Andy Gertler, president of All Natural Arts, Pumpkin Sculpt USA and Sand Sculpt USA has competed in snow and ice sculpture contests around the world.
The Bayville resident shared some of his own snow creations and offered tips for building and crafting the perfect snow sculptures and snowmen.
Plastic bins are great for packing snow in and stacking to gain height. You can pack snow into any plastic bin and turn them over like a bucket of sand, said Gertler.
Once you've attained the height you desire, it's time to carve it. You can use butter knives, forks and spoons to carve away or add details.
You can also add on snow at any point to help shape your creation.
If you want to build something tall, it's helpful to have some sort of form to compress the snow into, said Gertler.
"We sometimes use wooden forms, but you can use an old plastic garbage can and cut the bottom out," said Gertler. "You would then shovel up a mound of snow and walk it down for a base, then place the garbage can upside down so the taper is on top for easy removal."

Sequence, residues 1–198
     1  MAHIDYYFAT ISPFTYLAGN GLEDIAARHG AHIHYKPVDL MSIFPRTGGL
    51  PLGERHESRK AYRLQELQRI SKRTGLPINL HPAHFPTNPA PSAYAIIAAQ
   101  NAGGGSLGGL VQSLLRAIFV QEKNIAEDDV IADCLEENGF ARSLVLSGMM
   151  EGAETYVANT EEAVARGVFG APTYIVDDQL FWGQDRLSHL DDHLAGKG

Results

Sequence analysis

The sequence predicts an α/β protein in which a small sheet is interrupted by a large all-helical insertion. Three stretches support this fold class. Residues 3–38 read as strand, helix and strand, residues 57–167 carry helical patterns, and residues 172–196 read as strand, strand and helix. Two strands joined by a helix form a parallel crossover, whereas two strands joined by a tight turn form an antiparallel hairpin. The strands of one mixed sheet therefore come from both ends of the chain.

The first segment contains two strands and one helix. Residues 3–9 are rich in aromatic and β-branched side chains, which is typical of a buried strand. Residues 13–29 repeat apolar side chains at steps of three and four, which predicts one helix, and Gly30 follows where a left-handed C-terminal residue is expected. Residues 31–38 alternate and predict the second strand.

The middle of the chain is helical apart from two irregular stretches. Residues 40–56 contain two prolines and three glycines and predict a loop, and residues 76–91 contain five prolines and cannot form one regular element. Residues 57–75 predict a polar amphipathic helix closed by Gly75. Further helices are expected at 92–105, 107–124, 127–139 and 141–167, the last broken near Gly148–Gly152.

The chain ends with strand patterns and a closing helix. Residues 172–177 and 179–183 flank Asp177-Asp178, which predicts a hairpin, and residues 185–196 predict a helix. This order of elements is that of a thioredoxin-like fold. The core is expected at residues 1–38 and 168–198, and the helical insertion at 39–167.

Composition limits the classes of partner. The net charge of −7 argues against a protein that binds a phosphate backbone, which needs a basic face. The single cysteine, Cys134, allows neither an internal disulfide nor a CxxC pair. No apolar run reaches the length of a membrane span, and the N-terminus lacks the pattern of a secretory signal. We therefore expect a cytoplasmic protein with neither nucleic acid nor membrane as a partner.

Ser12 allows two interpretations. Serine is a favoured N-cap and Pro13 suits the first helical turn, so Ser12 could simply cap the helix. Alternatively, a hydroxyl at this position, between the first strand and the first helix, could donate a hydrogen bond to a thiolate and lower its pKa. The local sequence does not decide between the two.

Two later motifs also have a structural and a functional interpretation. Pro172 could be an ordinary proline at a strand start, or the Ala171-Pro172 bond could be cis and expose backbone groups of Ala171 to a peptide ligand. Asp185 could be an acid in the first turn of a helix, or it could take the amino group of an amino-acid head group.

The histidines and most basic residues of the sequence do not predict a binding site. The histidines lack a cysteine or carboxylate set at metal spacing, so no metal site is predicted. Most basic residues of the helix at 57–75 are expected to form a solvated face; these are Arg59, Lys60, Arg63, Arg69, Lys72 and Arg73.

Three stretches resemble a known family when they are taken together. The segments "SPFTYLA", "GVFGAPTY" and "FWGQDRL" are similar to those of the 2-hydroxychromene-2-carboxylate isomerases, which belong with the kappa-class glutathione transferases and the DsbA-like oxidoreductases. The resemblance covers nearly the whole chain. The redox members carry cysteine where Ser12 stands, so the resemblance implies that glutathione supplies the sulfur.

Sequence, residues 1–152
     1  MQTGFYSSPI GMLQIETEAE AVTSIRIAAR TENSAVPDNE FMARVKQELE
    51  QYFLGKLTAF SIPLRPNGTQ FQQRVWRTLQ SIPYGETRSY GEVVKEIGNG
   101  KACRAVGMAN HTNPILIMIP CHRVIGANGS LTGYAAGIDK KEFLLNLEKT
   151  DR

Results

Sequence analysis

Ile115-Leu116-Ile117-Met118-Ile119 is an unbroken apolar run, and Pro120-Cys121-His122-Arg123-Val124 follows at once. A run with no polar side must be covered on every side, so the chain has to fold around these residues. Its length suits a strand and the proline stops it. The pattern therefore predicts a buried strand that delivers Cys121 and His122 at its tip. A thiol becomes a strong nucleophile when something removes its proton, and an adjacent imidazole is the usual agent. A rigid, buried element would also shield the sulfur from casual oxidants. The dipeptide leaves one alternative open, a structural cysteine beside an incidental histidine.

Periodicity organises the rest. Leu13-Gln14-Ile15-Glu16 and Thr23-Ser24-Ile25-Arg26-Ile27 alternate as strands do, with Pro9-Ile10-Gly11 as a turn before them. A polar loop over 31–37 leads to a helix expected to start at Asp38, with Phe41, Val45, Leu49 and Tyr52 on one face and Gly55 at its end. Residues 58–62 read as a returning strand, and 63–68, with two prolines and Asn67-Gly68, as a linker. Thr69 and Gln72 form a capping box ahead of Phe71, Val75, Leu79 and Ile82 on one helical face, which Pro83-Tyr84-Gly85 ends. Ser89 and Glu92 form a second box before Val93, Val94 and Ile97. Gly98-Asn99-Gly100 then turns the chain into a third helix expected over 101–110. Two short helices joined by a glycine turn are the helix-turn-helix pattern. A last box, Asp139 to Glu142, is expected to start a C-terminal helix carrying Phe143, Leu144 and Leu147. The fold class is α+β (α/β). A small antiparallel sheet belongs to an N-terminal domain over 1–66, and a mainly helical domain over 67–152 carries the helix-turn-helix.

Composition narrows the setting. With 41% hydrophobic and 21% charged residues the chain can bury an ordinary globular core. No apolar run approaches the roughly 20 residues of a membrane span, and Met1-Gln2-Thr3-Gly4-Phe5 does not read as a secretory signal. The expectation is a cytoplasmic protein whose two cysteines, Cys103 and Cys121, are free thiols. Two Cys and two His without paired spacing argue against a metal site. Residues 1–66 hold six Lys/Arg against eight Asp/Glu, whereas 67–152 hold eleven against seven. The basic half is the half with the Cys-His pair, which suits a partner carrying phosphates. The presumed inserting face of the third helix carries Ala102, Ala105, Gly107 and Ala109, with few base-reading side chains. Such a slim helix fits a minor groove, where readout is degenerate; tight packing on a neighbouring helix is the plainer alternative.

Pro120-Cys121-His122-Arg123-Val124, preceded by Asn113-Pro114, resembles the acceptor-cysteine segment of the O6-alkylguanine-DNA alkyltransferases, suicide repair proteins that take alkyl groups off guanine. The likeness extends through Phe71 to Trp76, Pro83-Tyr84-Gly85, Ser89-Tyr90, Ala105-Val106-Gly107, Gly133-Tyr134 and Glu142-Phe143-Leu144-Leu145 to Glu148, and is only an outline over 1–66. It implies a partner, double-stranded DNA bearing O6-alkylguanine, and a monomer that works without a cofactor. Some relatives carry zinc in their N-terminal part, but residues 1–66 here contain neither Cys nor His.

Simply shovel snow into your newly created "garbage can form" and have a friend compress it until it's packed to the top. Then, just lift off the can like an upside down bucket of sand at the beach. "You might have to hit the sides as it might create a seal," said Gertler.
When it's time to carve the snow, Gertler recommends using a serrated kitchen knife. "It works well for blocking out your sculpture and smaller kitchen tools work well for the details," he said.
A grapefruit knife is a great detail tool along with forks and spoons, said Gertler.
When it comes to building the perfect snowman, Gertler said, he doesn't have any other tips than what has already been said a million times. "The classic snowman is a pretty easy concept, rolling a snowball into a larger boulder, then making one or two more, and placing it on top, adding a hat, scarf, carrot and coal," he said.
He also suggests using your imagination. "Get out of the traditional idea that you can only make a snowman," said Gertler. "Instead, make a snow cat, dog, dinosaur or even a giant bug. Let your imagination go wild and push the boundaries of what has already been created."